I know what you’re probably thinking: “Page, you shouldn’t be complaining, you are in a strong, loving relationship. Why are you even writing this?!” I’m not sure I have a great answer to that, because you’re right––I am with the love of my life and in all the movies and sitcoms, things should fall into place when this happens, right? Wrong. Way wrong. I’m in my third year of undergraduate studies at Winona State University and I have been in a committed relationship for around three years as well, and I’m sure that my S.O. would agree that maintaining mental, physical, and emotional stability has not been easy. It’s constant work, and sometimes it gets exhausting having so much on my plate, but that’s just the reality of true love. It’s not this unattainable, magical, love-at-first-sight feeling you get. You have to earn it, and you have to constantly keep contributing to the relationship in new ways in order to preserve what you have through the draining demands of college life. So here is a little bit about how I make it work for me; feel free to try any of these if you are looking to go long-distance with your S.O.
1. Don’t Underestimate the Power of A Quick Text
It is easy to get caught up in the research, the papers, making sure you’re on time for class, making notecards for exams, scheduling office-hour drop-ins, and the overall chaos of everyday school that you forget to communicate with your partner. It is also really easy, however, to send a quick, “I love you <3” or even just a “(:” to let them know you’re thinking of them even when you’re not there with them. Trust me, it helps to know that you’re not alone when the homework starts to pile up, or when you’re sitting in your dorm alone late at night (maybe crying and watching “New Girl” with a pint of Halo Top).
2. Schedule Your Weekends Wisely
Some weeks are too hard––multiple papers are assigned, you work every night, your room looks like a tornado ripped through, and you forgot about that Communication Studies midterm. These are the weeks that I call my boyfriend and tell him that I want to visit. He lives 230 miles away from my campus right now, so driving isn’t that big of a deal, but scheduling it beforehand always helps. A lot of times, his presence alone is enough to make me feel comforted, which helps me get the motivation I need to start digging through research or start writing that creative, non-fiction draft I’d been putting off. We make time to do fun things, too. We find joy, however, in just sitting together in the quiet library working in each other’s company with the promise that this phase in our lives will be over soon Its light at the end of the tunnel.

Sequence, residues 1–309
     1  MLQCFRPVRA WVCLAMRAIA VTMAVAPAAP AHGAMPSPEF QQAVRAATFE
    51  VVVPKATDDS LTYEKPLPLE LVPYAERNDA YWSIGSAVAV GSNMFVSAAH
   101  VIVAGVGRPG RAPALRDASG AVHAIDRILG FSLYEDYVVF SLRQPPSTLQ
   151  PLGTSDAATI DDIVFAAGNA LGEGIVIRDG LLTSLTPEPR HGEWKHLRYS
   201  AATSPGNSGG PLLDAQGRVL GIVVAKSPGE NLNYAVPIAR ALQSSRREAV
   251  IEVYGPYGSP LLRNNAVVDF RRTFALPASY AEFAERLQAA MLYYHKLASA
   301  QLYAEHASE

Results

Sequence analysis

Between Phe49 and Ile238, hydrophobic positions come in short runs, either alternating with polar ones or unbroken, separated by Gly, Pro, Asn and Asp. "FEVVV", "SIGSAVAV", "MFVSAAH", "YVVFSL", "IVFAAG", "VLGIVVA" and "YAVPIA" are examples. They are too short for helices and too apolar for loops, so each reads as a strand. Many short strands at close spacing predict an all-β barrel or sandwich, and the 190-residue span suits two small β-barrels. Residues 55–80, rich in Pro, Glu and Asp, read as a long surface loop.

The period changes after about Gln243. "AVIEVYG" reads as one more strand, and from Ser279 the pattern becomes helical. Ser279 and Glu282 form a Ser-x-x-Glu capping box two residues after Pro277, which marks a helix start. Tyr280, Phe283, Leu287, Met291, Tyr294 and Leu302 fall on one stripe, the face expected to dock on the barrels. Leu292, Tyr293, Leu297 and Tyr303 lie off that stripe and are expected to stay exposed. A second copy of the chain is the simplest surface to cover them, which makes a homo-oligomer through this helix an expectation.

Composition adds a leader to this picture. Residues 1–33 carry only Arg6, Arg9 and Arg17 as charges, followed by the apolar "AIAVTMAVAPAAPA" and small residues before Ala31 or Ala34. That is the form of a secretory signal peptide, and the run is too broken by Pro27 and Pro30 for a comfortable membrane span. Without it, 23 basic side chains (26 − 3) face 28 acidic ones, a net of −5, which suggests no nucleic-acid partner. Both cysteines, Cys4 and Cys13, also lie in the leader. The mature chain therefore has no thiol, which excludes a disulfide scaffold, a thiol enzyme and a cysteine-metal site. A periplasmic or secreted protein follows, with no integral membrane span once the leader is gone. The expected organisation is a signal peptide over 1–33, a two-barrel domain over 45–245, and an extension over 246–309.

3. Google Meets Saves Lives
Sometimes we get too busy to even talk about our days with each other. Life happens, and it’s hard to break your brain out of work-mode when you’re already in deep. That’s when we realized how AMAZING video chatting can be. I’ll be doing my homework in Winona, and he will do his 230 miles away, but it’s like we are together…just through a screen. We sit in silence, both of us understanding that this is not ideal, but it is helping us feel less overwhelmed with loneliness.
4. Write About It
I know, I know. I’m a writer––it’s what I do all the time, constantly. But even my boyfriend––a very type-A pre-med student––does this sometimes. It can be so helpful to sit down with a journal and hand write some of your worries, hopes, desires, needs, or joys down on the page. This helps me visualize what I’m feeling so I don’t get so stuck in my head about it. Keeping a journal has infinite benefits, but this can help show your progress as a person, and as an acting part of your relationship. You’ll look back later at what you wrote during these hard times and laugh, but it’s all part of the process.
5. Know About Their Education
I would say that this may be the most important piece of advice I can give you. If you want to stay connected through the long distance, you need to insert yourself into their “school life.” Ask them what their course schedule is! Figure out what classes they love and which ones they hate. Is there a professor they have that really irritates them? What are their friends like; do you know their names? By keeping these little details in conversation, you’re making sure that their focus is still on school, but also letting them know that they have your unconditional support.
A lot of these things seem really simple, but their effect is productive and extremely beneficial. The biggest thing to keep in mind is that if you want to maintain a relationship while at separate colleges, you need to communicate openly and honestly. Set the groundwork for a successful long-distance relationship before you are separated; discuss if it is something you both want and how you are going to make it work.
Hug them tight every time you see them, talk to them when you can, and know that college isn’t forever. You can get through this if you believe you can. Love isn’t something that can be placed on the back burner to slow-cook while you go study for four years, and friendship can’t be ignored. True love always bridges the distance. When you miss them late at night or while you’re walking to your 8:00 a.m lecture, remember this quote by Margaret Atwood: “I exist in two places, here, and where you are.” True love always bridges the gap between